I am reaching out the Community regarding an article that I read in the September 5th issue of The National Herald about a Greek-American gentleman who was visiting Chios and died because of lack of oxygen in the health clinic that he was directed to go to. A few weeks ago, I had the unfortunate luck of visiting a hospital in Ioannina. My father contracted the West Nile Virus and was in ICU because he fell into a coma. My siblings and I left New York expecting the worst but thank God my dad survived and is slowly recovering. The reason I am sharing this story is because I was shocked at the hospital system in Greece.
When my father came out of ICU he was placed in a room with no heart monitor, no blood pressure monitor, and no oxygen monitor. The conditions reminded me of a third world country. What was worst of all was the attitude of the staff. My father came out of a coma and was in a diaper unable to feed himself, talk clearly, or even sit up. Being used to the medical system in New York, we had no idea that the nurses there do not change or clean the patient. We quickly found out after my mom, a 77-year old cancer survivor, asked one of the nurses to clean my dad, only to hear, “aren’t you his spouse? You should clean him!”
It took us a few hours to find out that we had to hire a private nurse to take care of my dad at the cost of 60 euros for an eight-hour shift. The hospital nurses were rude – one nurse was yelling at my dad who was bedridden two days after coming out of the ICU. Luckily, my sister was there and asked her to lower her voice because my dad was bedridden but not hard of hearing. As we worked around the clock to help my dad regain his strength we questioned how an elderly individual with no money and no help can survive in this type of a situation? Greece is not a third world country. It is a country that is part of the EU. It is a country full of culture and centuries old civilization. How can they allow these conditions to exist? No toilet paper in the bathroom, no hand soap, and no hand towels.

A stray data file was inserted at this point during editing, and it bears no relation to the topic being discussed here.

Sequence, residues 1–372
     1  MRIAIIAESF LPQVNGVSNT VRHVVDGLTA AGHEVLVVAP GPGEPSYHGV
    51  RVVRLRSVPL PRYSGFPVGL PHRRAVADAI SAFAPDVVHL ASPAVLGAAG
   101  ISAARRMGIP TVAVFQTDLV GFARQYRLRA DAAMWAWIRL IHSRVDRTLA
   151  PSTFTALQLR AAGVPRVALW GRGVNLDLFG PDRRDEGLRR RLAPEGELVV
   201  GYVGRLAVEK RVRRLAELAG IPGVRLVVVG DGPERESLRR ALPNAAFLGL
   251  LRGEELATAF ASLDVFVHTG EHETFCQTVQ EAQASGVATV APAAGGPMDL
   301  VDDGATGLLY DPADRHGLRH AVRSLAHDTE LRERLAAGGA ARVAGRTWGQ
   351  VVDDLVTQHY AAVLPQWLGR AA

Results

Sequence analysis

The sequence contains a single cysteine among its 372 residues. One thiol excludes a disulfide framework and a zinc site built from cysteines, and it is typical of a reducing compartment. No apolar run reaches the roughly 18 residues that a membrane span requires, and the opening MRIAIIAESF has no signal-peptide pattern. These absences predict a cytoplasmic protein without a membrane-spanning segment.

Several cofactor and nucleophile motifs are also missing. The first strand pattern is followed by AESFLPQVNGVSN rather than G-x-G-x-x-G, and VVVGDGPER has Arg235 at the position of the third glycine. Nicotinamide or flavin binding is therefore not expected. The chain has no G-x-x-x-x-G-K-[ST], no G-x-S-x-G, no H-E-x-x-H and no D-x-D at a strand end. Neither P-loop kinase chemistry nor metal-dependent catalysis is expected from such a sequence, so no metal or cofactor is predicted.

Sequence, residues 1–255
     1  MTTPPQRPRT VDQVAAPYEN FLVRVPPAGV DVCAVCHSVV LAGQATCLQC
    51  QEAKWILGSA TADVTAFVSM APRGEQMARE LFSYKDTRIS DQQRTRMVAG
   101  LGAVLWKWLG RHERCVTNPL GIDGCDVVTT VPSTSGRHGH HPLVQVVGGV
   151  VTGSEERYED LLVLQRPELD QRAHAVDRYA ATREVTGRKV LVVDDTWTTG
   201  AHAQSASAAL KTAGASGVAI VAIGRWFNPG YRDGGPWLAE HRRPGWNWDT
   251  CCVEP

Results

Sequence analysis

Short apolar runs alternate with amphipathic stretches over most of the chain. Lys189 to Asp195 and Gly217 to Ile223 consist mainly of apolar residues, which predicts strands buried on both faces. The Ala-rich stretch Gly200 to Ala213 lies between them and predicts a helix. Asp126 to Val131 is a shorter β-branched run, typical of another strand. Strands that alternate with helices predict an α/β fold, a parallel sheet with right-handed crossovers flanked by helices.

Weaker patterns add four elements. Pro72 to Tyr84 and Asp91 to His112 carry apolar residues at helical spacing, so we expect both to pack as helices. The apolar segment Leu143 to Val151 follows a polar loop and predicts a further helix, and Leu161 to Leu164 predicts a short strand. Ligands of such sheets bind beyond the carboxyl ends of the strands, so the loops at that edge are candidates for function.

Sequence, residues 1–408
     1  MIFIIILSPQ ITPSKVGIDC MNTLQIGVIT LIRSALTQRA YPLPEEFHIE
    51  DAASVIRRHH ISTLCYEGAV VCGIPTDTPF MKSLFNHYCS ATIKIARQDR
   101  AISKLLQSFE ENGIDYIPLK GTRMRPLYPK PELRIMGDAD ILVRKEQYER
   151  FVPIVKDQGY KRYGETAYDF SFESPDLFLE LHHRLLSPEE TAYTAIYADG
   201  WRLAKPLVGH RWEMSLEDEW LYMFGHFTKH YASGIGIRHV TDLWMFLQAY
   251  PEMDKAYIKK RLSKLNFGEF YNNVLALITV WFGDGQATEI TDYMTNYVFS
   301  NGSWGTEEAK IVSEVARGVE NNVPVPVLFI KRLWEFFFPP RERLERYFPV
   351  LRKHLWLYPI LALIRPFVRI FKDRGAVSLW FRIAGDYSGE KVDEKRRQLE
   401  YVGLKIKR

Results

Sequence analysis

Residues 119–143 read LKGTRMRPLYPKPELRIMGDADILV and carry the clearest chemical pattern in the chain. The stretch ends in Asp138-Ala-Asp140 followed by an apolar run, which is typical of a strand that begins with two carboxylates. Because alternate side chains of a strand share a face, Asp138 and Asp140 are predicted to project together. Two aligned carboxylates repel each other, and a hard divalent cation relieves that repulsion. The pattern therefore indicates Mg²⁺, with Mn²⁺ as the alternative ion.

In speaking with some of the people there I found out that this hospital was actually one of the better hospitals in Greece. I was told the ones in Athens are 100 times worse. I couldn’t believe that this situation actually exists in our day and age.
Mr. George Lios, the gentleman in the article, God rest his soul, was a victim of the failing medical system in Greece. A system that is being burdened by more refugees, no money, skilled doctors leaving the country, cuts in nursing staff, and no plans for improvement. How can we bring awareness to this situation? Who can we reach out to? How do we educate other Greek-Americans or foreign visitors about what their options are and what to expect if they have a medical emergency? Which are the best hospitals to go to? When you find yourself in a medical emergency it is hard to navigate through a failing system quickly. In addition, private hospitals require a 5,000 euro deposit in order to admit you. So what are your options?
It would be extremely beneficial for The National Herald to cover this situation in one of your articles and to bring awareness to the many readers about what to expect. In addition, I’d be curious to know what the politicians of Greece have to say about this. And what are they doing to change it?
Dafne Panayiotou was born in Greece and immigrated to New York with her family when she was eight. She resides in Astoria and works at Pistilli Realty Group (a real estate property management company) as the chief operations officer.